Here’s a step-by-step guide on how to set up caching in EF Core using NCache:

  1. Install NCache:
    Start by installing the NCache NuGet package in your project. You can do this using the Package Manager Console or the .NET CLI:
   dotnet add package Alachisoft.NCache.SDK.Core
  1. Configure NCache in Startup:
    Open your Startup.cs file (assuming you’re using ASP.NET Core) and configure NCache services. Add the following lines to the ConfigureServices method:
   using Alachisoft.NCache.Client;

   public void ConfigureServices(IServiceCollection services)
       // ... other services

       services.AddNCacheDistributedCache(options =>
           options.CacheName = "myCache"; // Change this to your cache name
           options.EnableLogging = true;
           options.ExceptionsEnabled = true;
           options.Connection = "localhost:9800"; // NCache server address

       // ...
  1. Use Caching in EF Core:
    Now, you can use caching with your EF Core DbContext. You can enable caching for specific queries or entire tables. Here’s an example of caching a query result:
   using Microsoft.EntityFrameworkCore;
   using Microsoft.Extensions.Caching.Distributed;

   public class MyDbContext : DbContext
       private readonly IDistributedCache _cache;

       public MyDbContext(DbContextOptions<MyDbContext> options, IDistributedCache cache)
           : base(options)
           _cache = cache;

       public async Task<List<SomeEntity>> GetEntitiesWithCaching()
           var cacheKey = "EntitiesCacheKey";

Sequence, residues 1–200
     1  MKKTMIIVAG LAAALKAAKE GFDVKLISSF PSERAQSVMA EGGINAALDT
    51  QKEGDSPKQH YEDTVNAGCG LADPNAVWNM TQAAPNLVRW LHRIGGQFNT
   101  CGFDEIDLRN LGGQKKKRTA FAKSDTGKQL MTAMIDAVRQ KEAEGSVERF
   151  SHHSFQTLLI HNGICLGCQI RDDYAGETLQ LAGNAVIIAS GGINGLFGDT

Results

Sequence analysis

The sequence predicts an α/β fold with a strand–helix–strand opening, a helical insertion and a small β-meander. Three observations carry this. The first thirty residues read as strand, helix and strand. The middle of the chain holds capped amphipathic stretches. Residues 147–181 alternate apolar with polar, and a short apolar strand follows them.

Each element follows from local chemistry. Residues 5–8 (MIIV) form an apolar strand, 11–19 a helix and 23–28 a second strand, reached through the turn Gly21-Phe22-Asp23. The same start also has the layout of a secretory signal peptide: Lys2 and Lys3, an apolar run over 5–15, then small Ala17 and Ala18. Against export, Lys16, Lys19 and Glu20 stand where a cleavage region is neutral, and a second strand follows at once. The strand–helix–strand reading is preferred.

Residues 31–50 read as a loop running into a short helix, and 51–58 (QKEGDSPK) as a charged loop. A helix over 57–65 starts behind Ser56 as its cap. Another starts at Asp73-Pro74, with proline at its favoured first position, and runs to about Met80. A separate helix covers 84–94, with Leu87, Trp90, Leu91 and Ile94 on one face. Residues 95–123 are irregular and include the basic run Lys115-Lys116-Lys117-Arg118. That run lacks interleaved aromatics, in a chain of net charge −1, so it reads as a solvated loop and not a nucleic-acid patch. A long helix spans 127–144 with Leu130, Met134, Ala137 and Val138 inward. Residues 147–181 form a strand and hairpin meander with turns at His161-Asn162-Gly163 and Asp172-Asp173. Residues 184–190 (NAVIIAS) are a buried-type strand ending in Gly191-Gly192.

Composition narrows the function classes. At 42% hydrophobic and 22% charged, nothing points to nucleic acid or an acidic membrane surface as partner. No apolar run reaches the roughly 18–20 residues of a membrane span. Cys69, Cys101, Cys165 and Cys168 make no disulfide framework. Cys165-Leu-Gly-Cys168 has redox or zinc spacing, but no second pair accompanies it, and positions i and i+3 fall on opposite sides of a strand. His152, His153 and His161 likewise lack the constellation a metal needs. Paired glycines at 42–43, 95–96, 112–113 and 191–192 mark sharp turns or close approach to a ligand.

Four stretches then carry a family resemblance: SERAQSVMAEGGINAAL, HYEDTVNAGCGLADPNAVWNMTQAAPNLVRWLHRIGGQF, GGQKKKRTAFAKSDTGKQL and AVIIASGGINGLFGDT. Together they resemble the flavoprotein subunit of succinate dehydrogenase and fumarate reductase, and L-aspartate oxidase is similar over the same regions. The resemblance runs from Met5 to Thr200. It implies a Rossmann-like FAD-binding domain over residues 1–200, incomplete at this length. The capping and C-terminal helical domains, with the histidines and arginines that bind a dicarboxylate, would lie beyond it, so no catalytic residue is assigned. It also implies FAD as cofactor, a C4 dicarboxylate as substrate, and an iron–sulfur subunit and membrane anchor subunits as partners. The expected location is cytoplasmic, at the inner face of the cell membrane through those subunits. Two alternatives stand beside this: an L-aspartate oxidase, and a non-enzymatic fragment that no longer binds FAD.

var cachedEntities = await _cache.GetAsync(cacheKey);

           if (cachedEntities != null)
               return JsonConvert.DeserializeObject<List<SomeEntity>>(Encoding.UTF8.GetString(cachedEntities));
               var entities = await SomeEntity.ToListAsync();
               var serializedEntities = JsonConvert.SerializeObject(entities);
               var cacheOptions = new DistributedCacheEntryOptions
                   AbsoluteExpirationRelativeToNow = TimeSpan.FromMinutes(10) // Cache for 10 minutes
               await _cache.SetAsync(cacheKey, Encoding.UTF8.GetBytes(serializedEntities), cacheOptions);

               return entities;
  1. Clear Cache on Data Changes:
    When data in the database changes (inserts, updates, deletes), you should clear the corresponding cache entries to ensure that cached data remains consistent. You can use cache tags or keys to manage cache invalidation based on data changes.
  2. Test and Optimize:
    After implementing caching, thoroughly test your application to ensure that data consistency and caching behavior meet your requirements. Monitor performance and adjust cache settings as needed.

Remember that caching introduces additional complexity, and you should carefully consider cache invalidation strategies, memory usage, and cache coherence when implementing caching in your EF Core application using NCache or any other caching solution.